Google has announced the Chromebook Pixel, a 13in laptop with an aluminium body, Intel Core i5 processor and a touch screen with the highest resolution ever seen on a laptop.
The 12.85in display has a resolution of 2560 x 1700, giving a pixel density of 239 pixels per inch, far higher than most other laptops, and even slightly higher than the Retina displays fitted to high-end MacBook Pros.
Once seen as cheap, almost disposable, laptops designed to do little more than get online as cheaply and efficiently as possible, the Pixel represents a shift in perception of the Chromebook brand.
Running Google's Chrome OS, Chromebooks offer little more than a desktop, basic file management system, and a web browser, through which the user has access to all of Google's services, such as email, online storage, entertainment and games.
The Pixel Chromebook marks an unprecedented move that takes the Chromebook ethos and applies it to a premium laptop.
The Pixel was first seen in a promotional video which leaked earlier this month, prompting widespread debate as to whether the search giant would announce such a laptop, one with a screen as good as the MacBook Pro with Retina display, and a high price tag.
Borrowing some design cues from the Apple laptop, the Pixel is all aluminium and has a black, backlit chiclet keyboard. While the 12.85in screen rivals that of Apple's Retina displays for resolution, the aspect ratio is 3:2 - almost square compared to a widescreen MacBook, but this will be better suited to browsing the web, where pages are usually taller than they are wide.
Google's vice president of engineering, Linus Upson, said in a company blog post on 21 February: "With the Pixel, we set out to rethink all elements of a computer in order to design the best laptop possible, especially for power users who have fully embraced the cloud. The philosophy of Chrome has always been to minimize the 'chrome' of the browser. In much the same way, the goal of the Pixel is to make the pixels disappear, giving people the best web experience."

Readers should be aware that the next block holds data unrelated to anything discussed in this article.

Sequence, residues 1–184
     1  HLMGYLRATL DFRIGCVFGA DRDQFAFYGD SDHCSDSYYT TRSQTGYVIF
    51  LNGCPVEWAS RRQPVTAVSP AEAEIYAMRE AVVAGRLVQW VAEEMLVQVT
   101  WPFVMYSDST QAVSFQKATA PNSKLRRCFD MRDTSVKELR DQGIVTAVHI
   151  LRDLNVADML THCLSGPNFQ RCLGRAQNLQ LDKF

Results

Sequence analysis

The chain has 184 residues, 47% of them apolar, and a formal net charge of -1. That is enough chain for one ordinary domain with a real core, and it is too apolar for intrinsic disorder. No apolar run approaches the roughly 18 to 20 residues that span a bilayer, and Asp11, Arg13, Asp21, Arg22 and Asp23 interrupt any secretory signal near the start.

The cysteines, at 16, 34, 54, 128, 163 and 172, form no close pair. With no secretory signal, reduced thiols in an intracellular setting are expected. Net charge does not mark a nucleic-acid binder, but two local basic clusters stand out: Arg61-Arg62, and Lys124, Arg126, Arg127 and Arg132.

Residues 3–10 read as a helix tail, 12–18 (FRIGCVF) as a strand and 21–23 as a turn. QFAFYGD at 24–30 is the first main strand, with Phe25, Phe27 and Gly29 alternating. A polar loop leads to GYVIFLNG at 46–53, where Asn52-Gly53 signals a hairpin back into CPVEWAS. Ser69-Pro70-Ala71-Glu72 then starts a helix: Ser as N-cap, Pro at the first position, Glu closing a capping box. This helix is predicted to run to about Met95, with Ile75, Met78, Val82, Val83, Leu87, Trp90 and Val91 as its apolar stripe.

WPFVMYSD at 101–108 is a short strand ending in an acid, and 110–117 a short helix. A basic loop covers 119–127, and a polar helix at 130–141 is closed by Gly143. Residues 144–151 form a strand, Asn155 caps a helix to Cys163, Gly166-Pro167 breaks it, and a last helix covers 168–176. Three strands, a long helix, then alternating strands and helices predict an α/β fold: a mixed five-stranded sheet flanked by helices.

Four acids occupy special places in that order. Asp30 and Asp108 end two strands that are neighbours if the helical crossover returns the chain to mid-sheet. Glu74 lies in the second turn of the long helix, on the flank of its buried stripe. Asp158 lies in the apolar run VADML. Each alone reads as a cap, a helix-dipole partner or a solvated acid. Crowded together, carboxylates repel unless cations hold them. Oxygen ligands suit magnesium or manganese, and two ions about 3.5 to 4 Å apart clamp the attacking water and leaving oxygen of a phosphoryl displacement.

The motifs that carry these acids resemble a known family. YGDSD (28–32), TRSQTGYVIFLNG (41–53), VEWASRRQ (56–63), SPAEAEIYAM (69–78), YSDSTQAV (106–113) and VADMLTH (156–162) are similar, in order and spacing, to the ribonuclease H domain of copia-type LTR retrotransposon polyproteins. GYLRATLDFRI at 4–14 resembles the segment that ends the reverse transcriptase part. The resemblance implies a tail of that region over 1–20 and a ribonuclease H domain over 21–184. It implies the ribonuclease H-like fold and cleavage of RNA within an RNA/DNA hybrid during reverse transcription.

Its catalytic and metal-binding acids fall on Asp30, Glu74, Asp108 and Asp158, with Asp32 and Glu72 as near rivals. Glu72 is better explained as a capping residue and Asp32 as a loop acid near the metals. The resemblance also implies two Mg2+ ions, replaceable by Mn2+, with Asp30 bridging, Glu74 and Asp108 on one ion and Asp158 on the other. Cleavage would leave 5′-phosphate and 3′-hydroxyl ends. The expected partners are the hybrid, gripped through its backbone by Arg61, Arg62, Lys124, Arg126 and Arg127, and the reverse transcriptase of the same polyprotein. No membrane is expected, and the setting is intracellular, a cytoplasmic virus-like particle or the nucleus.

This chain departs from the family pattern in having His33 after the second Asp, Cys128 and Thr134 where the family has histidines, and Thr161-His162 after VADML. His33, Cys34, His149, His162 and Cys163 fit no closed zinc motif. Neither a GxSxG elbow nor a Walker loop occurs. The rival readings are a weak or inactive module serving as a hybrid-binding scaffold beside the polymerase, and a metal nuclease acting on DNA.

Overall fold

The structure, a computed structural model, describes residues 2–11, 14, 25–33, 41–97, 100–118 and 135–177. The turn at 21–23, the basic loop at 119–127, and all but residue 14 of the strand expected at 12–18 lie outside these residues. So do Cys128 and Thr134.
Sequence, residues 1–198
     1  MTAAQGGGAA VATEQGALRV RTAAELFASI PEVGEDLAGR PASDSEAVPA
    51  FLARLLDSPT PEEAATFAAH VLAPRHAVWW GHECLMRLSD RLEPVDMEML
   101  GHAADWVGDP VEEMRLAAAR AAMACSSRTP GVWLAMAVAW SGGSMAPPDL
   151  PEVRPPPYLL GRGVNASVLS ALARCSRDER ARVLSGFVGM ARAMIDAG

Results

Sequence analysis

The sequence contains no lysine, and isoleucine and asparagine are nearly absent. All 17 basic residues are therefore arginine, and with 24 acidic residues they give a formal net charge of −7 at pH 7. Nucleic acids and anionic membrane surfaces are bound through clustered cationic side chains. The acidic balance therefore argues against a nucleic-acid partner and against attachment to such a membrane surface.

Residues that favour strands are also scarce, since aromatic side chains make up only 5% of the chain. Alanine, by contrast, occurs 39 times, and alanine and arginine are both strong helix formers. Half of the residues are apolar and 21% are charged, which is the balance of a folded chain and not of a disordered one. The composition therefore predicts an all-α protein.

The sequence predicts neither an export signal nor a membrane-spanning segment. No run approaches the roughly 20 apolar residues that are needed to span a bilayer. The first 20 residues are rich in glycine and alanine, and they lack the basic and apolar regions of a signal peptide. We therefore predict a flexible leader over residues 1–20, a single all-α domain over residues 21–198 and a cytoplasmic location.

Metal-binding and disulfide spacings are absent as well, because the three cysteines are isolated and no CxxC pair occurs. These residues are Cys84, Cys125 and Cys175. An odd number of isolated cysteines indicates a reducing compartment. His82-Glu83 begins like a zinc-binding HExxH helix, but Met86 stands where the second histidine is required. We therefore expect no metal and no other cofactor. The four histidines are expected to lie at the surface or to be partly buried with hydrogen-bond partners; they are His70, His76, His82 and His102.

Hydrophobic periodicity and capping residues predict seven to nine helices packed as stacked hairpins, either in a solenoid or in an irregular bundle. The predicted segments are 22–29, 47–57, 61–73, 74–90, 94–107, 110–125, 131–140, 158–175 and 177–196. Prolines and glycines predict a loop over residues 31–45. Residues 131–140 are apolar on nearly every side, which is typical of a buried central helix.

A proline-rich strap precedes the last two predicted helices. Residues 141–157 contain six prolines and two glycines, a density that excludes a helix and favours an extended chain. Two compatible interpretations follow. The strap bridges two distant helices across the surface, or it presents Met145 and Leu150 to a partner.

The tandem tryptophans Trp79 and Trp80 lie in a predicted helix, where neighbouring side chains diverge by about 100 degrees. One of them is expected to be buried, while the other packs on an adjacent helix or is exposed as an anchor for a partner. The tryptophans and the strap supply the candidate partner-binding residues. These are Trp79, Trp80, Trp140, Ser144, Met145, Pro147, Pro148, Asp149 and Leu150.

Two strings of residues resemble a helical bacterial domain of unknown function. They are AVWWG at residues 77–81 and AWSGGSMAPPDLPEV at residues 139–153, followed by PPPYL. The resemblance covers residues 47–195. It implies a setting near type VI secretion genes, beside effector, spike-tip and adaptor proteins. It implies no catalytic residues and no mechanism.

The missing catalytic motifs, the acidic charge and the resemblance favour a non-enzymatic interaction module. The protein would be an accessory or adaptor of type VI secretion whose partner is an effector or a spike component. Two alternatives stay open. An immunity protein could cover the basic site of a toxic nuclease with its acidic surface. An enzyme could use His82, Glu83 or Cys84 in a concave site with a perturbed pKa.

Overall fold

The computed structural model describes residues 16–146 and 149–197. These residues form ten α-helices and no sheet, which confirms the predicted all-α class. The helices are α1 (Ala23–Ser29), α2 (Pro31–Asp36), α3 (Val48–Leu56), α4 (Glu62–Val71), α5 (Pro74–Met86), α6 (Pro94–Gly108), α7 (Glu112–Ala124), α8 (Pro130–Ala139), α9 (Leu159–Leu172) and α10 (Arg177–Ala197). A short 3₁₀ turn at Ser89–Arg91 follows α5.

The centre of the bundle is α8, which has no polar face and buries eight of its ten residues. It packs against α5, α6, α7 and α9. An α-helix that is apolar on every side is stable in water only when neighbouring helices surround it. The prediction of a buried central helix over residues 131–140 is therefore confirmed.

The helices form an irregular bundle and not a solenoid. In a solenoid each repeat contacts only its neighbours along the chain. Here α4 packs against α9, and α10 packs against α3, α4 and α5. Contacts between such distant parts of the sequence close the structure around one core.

Google claims the Pixel has the highest resolution screen ever fitted to a laptop, and at 2560 x 1700, it packs in slightly more pixels (4.2 million altogether) than the 2560 x 1600 Retina screen of the 13in MacBook Pro.
Above that screen sits a 720p HD webcam for video calling, and the Pixel includes "full range" speakers which are hidden underneath the keyboard, an etched glass trackpad - also something you'd find on a MacBook - and no less than three microphones, designed to cancel out background noise.
Inside, the Pixel is powered by a dual-core, 1.8GHz Intel Core i5 processor with 4GH of RAM, has dual-band Wi-Fi, Bluetooth 3.0, and can be ordered with LTE for connecting to 4G mobile broadband; battery life is claimed by Google to be five hours. For connectivity, the Pixel has two USB 2.0 ports, a mini Display Port, and two-in-one card reader
The Wi-Fi model has 32GB of solid state storage and is available today through the Google Play store for £1,049, while a 64GB model with LTE will be available in the US from April, priced at $1,149.
If 32GB of internal storage isn't enough, and for most users it won't be, Google is including 1TB of online Drive storage per year for three years.